Flashcards in Foodborne Dz: Intro Deck (49)
Where are foodborne diseases a burden?
What is a major cause of malnutrition in infants and young children, which can be a symptom of foodborne illnesses?
Most cases of foodborne dz are ______
*these are seldom reported
What infection pattern of foodborne illnesses is more likely to recognized?
What do the number and severity of cases depend upon?
Type of microbe: pathogenicity and virulence
Effectiveness of processing methods to reduce microbes
Handling of food on the consumer/cooking end
What is the most severe class of food recalls?
Type 1: Means the pathogen has a serious morbidity rate +/- mortality
Have to shut down the plant and follow the distribution of all the food that went out
What kind of foodborne illnesses get categorized as Type 2 recalls?
Temporary and or reversible illnesses
What constitutes a Type 3 recall?
Pathogen is not likely to cause effects, but recall is put in to play just in case
What is the definition of a foodborne illness?
Diseases usually either infectious or toxic in nature, caused by agents that enter the body through the ingestion of food
*there are over 250 causes of foodborne dz in people
What is the definition of a foodborne illness outbreak?
The occurrence of two or more cases of a similar illness resulting from the ingestion of a common food
*sometimes only one sick person can constitute an outbreak - when the pathogen is dangerous enough (listeria, botulism, chemical poisoning)
What is a foodborne hazard?
A biological, chemical, or physical, property that may cause an unacceptable health risk to the consumer
What are some examples of physical foodborne hazards?
Needles, broken pieces of machinery etc
What are some examples of chemical foodborne hazards?
Toxins: Biological, chemical, or heavy metals
*drug residues, dioxin, lead
What are some examples of biological foodborne hazards?
Microbial pathogens: bacteria/viruses
T/F: Most reported cases of foodborne agents are unidentified or unspecified
What are the top 5 pathogens cause domestically acquired foodborne illness? From highest to lowest incidence
What are the top five pathogens causing domestically acquired foodborne illness resulting in hospitalization? From highest to lowest incidence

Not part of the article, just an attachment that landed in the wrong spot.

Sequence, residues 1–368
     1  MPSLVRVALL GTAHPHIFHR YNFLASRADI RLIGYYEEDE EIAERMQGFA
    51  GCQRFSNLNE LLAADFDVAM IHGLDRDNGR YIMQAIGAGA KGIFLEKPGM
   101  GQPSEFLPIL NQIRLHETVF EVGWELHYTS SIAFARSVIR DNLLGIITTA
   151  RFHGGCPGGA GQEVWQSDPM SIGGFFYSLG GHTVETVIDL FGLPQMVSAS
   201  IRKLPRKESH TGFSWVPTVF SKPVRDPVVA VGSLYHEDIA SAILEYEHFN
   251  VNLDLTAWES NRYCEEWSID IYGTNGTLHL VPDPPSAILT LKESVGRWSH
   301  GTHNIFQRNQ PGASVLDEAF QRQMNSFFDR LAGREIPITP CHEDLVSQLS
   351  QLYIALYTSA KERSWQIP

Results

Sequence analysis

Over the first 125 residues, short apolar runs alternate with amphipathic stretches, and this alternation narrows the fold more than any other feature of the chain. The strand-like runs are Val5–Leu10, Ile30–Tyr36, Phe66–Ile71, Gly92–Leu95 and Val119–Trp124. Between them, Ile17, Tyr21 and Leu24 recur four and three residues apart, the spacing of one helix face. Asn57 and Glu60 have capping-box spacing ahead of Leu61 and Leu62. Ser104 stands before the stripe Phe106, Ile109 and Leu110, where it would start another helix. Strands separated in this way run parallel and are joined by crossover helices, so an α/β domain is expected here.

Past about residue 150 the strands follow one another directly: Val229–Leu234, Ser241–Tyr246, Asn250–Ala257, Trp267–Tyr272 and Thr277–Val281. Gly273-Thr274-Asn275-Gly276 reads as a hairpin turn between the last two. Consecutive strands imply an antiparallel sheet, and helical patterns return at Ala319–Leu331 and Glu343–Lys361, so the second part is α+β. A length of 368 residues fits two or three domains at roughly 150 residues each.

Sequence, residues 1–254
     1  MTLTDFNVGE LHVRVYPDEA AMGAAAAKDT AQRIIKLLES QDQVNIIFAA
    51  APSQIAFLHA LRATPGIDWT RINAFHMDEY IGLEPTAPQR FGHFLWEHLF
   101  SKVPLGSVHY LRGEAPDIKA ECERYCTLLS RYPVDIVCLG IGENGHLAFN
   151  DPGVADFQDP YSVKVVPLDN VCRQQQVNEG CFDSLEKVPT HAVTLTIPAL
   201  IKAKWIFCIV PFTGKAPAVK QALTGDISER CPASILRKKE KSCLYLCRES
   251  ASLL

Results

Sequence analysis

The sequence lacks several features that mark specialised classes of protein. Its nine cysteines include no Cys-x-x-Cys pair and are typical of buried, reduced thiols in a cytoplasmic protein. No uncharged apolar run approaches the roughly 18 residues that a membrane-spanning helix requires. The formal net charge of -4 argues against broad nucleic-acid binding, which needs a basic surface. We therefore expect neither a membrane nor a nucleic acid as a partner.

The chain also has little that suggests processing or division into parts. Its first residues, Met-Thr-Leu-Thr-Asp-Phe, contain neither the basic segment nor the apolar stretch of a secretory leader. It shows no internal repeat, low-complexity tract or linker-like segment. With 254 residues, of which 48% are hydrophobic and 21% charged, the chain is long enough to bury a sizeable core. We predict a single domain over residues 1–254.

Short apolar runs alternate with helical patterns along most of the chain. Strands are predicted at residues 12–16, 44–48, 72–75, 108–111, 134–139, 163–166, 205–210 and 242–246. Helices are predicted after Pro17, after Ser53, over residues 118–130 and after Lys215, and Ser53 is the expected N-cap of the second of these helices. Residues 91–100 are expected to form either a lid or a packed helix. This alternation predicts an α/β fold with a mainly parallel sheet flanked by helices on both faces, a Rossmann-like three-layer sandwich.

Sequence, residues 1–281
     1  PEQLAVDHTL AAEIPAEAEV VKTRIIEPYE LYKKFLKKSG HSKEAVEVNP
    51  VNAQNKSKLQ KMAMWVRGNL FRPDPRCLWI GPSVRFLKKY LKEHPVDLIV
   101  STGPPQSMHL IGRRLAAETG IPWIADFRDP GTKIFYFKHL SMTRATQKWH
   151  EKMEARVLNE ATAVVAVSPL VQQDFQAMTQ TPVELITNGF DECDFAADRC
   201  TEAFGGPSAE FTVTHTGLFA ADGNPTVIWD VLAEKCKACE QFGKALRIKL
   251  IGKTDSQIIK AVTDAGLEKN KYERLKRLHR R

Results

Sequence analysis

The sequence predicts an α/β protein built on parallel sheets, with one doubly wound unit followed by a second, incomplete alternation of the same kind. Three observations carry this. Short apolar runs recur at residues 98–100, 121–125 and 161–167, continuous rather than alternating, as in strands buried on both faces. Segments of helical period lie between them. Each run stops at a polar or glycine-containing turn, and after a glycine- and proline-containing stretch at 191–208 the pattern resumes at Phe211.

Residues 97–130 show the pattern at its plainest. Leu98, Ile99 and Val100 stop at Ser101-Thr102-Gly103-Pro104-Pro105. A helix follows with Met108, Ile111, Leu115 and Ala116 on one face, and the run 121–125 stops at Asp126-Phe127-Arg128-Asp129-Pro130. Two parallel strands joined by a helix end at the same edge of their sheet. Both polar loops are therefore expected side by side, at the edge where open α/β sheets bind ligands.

E. coli O157
What are the top 5 pathogens causing domestically acquired foodborne illness resulting in death? From highest to lowest incidence
What are the components of the food production chain? During which process may food become contaminated?
**contamination can take place during any of these steps
What are the food contamination risks during the production phase of the food production chain?
Growing or raising livestock (Ex. many feedlot cattle have E.coli O157 that we can't get rid of / eggs can be infected with salmonella in-utero)
Caught or harvested food from the wild (can't prevent pathogens in wild fish, game, mushrooms etc)
What is the biggest risk of foodborne illness exposure in the processing step of the food production chain?
During distribution in the food production chain, what problem may occur that can increase the risk of foodborne illness?
There may be one or many steps in getting food from the slaughtering plant to the processing plant to wholesale distributor to a restaurant (leaves a lot of room for error)
T/F: Cross contamination is the most common factor of foodborne illness during the preparation phase fo the food production chain
Can occur in a restaurant, home, institution
What is the difference between food safety and food quality?
Safety = making sure food is safe - relates to all hazards that make food injurious to health. Prevent hazards from entering the food chain. Remove hazard containing foods, remove/neutralize/reduce hazards in food
Quality = all other attributes that affect a products value. Ex - flavor, tenderness, color, spoilage, etc
What are the two (broad) categories of food safety?
Pre harvest: Birth until stunning at slaughter or up to milking/laying eggs
Post harvest: Stunning to consumption or Milking/laying to consumption
In what food safety category do zoonotic pathogens fall?
*most foodborn pathogens are zoonotic and most pathogens enter the food chain in the animals
What are the two main pre-harvest food safety components for food originating from livestock or poultry?
1. on farm food safety: Produce healthy, pathogen free livestock
2. Antemortem inspection at the slaughter plants: ensure only healthy animals enter the food chain
Who plays an essential role in "on farm food safety"?
Food animal veterinarians
Aim is to reduce the pathogen load in animals before they go to processing
What are the components of On Farm Food Safety (OFFS)?
1. herd/flock health programs
2. Biosecurity/feed security
3.Appropriate antimicrobial use
4. animal welfare = low stress